Marjane Satrapi says in multiple interviews that she does not subscribe to feminism; instead, she describes herself as a humanist. However, her graphic novel memoir, Persepolis, has several themes at its core that convey feminist ideals. Throughout the novel, Marjane constantly expresses frustration with Iran’s strict regulations on women. She also grows up with strong female relationships in her family; these women help shape Marjane into the woman she is today, a woman who won’t stand for inequality.
Marjane has two influential female role models: her mother and her grandmother. Both women are outspoken, independent, and progressive. They always encourage Marjane to be herself and to never lose touch with who she is and where she comes from. Marjane, her mother, and her grandmother all unite under the shared experience of Iranian women – they must all suffer through their country’s systemized oppression together.
Marjane is incredibly close with her grandmother. Throughout the novel, she approaches her grandmother for advice and always seeks her approval. When Marjane wishes to get a divorce, her grandmother encourages her independence: “…the day you don’t want it anymore, you leave him! When a tooth is rotten, you have to pull it out!” (335) Marjane’s grandmother is a strong representation of female independence and identity; she supports Marjane’s romantic relationships, but does not want her to rely on men for happiness. She gives Marjane advice even during her childhood: “In life you’ll meet a lot of jerks. If they hurt you, tell yourself that it’s because they’re stupid… Always keep your dignity and be true to yourself” (150). In many ways, Marjane idolizes her grandmother; she serves as Marjane’s moral compass and scolds her when she acts without “Integrity!” (293). She always reminds Marjane of the sacrifices made in Iran’s fight for human rights and justice.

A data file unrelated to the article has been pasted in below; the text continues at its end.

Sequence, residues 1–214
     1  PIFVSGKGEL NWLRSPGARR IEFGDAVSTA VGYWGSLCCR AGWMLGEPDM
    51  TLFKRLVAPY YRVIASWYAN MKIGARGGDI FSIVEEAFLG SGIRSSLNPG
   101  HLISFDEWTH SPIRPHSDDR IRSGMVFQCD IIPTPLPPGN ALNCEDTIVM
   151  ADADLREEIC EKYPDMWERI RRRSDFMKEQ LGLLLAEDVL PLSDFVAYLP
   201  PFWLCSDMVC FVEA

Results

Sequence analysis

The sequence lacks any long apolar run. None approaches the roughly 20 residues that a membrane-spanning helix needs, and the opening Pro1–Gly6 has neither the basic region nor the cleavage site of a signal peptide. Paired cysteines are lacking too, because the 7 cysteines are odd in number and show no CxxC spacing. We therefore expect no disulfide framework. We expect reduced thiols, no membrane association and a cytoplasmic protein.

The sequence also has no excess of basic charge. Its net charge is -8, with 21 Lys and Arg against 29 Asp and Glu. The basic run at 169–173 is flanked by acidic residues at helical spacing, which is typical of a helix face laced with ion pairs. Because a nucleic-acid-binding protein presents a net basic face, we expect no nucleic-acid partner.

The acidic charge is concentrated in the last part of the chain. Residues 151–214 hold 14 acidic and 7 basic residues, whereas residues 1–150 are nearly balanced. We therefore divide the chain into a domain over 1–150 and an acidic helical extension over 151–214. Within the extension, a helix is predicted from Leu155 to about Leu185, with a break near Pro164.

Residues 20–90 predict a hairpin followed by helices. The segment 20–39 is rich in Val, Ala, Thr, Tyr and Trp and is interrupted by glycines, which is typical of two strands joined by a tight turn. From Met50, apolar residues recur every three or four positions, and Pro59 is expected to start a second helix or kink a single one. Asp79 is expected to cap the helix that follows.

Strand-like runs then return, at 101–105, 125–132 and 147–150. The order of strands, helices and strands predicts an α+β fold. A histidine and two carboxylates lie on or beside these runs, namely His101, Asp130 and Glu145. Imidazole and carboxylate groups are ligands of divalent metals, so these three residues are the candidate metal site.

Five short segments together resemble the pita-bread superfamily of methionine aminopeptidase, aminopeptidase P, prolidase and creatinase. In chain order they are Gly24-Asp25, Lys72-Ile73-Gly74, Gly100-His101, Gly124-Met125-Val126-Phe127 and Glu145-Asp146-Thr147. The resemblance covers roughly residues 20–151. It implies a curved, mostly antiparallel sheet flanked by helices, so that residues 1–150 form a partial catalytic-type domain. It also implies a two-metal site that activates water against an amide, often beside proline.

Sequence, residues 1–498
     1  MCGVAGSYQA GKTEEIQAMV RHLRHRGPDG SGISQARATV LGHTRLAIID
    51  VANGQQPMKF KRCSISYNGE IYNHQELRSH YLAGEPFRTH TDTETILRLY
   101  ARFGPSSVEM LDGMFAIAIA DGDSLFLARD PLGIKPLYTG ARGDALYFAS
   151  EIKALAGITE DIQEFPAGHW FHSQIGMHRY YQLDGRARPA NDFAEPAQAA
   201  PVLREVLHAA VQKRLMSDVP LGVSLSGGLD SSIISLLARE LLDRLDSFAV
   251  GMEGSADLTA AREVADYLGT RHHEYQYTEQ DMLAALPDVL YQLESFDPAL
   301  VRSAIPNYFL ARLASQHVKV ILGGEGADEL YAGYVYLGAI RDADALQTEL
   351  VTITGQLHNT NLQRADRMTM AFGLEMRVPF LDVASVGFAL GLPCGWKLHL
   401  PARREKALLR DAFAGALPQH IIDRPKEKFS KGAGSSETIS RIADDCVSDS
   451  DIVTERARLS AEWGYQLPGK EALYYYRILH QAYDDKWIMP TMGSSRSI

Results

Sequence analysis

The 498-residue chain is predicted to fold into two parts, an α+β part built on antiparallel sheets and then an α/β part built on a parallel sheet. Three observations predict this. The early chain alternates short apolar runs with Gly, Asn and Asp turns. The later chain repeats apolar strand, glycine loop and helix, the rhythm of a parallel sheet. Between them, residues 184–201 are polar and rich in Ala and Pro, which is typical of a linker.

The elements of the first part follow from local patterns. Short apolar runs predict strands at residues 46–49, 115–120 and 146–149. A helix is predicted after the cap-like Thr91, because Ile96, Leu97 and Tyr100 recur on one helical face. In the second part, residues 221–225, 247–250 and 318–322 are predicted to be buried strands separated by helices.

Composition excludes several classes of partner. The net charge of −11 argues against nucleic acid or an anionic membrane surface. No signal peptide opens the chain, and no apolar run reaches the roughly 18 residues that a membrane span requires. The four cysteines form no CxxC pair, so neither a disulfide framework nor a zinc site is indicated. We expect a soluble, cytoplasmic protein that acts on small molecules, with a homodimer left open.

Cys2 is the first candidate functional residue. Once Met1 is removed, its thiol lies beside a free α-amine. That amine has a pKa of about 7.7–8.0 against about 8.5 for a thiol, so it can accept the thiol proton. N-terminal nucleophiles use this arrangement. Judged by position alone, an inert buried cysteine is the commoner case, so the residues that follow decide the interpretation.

Marjane’s mother also greatly influences her life, shaping her beliefs and ideals. Like...
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